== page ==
South Carolina Gov. Nikki Haley, a key supporter of Mitt Romney, received $62,500 in campaign contributions since 2008 from state and federal political committees set up by supporters of Mitt Romney, records show.
Funds came from so-called "leadership PACs" in five different states and the nation's capital. By spreading the funds around, Romney's supporters were able to give far more than the state limit of $3,500 per election.
The contributions came from "Free & Strong America" leadership PACs, run by Romney supporters, a Center for Public Integrity analysis of campaign finance records found.
Leadership PACs are separate from campaign committees and are established by "candidate sponsors" to help other candidates win elections. Presidential candidates have used these PACs to contribute money to elected officials in order to gain clout and possibly win endorsements.
Such PACs basically acts as subsidiary campaign committees, said Tara Malloy of the Campaign Legal Center.
Haley endorsed Romney in December. While some have said her endorsement won't make a difference to Romney's campaign, Candice Nelson, the director of American University's Campaign Management Institute, said gaining support in the Tea Party, which favors the governor -- a group he has struggled to win over -- can't hurt.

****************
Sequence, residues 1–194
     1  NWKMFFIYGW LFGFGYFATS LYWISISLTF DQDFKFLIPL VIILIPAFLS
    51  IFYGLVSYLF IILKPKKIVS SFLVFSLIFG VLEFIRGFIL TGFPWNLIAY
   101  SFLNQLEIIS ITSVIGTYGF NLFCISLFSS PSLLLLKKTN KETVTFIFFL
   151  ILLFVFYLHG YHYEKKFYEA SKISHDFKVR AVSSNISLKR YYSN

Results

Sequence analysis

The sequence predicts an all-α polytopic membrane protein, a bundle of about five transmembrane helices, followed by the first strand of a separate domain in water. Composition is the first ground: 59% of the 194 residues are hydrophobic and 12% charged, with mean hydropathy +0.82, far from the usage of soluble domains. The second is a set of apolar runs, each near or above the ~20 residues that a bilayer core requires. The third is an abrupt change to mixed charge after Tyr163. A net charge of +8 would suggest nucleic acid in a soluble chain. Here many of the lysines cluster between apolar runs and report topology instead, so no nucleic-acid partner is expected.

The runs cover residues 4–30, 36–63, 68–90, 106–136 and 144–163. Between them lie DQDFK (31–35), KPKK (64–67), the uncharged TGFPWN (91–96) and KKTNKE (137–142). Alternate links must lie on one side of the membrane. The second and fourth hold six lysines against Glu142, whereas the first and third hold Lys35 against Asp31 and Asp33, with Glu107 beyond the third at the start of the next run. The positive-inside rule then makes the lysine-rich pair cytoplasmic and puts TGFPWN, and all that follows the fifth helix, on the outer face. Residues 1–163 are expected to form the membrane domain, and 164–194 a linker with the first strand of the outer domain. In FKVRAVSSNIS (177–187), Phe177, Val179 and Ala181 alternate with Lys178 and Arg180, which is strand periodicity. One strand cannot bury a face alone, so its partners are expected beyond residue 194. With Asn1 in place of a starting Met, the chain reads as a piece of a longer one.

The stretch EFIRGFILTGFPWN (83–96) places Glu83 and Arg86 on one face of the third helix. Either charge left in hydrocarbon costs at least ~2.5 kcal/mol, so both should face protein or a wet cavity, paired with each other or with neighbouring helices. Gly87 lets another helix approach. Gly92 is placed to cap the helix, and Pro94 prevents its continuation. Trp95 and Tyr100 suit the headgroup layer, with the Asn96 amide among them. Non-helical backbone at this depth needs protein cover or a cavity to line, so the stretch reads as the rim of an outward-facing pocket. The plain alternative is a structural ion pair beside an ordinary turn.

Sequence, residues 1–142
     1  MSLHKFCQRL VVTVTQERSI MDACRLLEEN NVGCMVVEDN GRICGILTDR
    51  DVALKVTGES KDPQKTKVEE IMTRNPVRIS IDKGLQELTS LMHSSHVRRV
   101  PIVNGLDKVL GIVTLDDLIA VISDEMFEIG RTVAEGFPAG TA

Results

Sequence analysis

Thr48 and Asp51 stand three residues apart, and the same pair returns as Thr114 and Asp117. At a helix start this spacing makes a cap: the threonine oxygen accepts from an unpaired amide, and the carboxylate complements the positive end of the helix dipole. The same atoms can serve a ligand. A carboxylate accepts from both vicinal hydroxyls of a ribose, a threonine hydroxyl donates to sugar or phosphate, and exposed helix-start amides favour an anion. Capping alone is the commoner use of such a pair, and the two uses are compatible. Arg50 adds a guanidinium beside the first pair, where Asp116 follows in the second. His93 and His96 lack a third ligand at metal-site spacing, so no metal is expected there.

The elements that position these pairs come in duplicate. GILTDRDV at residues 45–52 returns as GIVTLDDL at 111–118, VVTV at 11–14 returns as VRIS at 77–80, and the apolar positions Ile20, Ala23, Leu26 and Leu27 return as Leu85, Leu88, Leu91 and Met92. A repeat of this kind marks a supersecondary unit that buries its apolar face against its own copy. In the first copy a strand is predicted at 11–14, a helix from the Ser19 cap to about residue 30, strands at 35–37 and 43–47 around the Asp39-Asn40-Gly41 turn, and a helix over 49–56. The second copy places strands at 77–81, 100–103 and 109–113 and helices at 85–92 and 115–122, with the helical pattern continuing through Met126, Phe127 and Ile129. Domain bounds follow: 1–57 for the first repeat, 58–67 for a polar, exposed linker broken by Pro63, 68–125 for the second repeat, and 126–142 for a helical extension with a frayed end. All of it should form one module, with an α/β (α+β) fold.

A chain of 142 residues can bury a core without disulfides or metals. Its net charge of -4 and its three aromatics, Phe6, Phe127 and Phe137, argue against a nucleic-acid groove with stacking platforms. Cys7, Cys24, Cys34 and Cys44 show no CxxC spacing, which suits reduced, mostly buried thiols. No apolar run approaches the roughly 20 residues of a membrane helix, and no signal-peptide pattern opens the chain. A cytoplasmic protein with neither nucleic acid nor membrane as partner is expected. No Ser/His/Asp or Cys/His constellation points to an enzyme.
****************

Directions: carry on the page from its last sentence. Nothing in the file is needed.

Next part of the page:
"Nikki Haley was important to Romney," Nelson said. "What she brings to the table is a more conservative point of view and the support of the Tea Party members."
Romney largely skipped over South Carolina in 2008, ceding it to winner Sen. John McCain, R-Ariz., and former Arkansas Gov. Mike Huckabee, who came in a close second. South Carolina's significant population of evangelical voters has not looked on the Mormon candidate favorably in the past.
Romney is favored to win the state's primary contest Saturday, though his lead has slipped in recent days.
Newt Gingrich's "American Solutions" leadership PAC gave $3,500 to Haley. "America's Foundation," Rick Santorum's leadership PAC, also gave Haley $3,500 as well as $3,500 to another Republican gubernatorial candidate, Gresham Barrett, in 2010, campaign finance records show.
Leadership PACs are barred from spending money directly on the sponsor-candidate's campaign, but lax spending rules mean leadership PAC money can be spent on everything from supporting other candidates to travel and fine dining to hiring family members as staff.
"It can be used basically as a slush fund for the candidate," Malloy said. "There's almost no restrictions on its use whatsoever."
Haley's office declined to comment for this story. The Romney campaign did not return a call.
Anne Farris Rosen contributed to this report.
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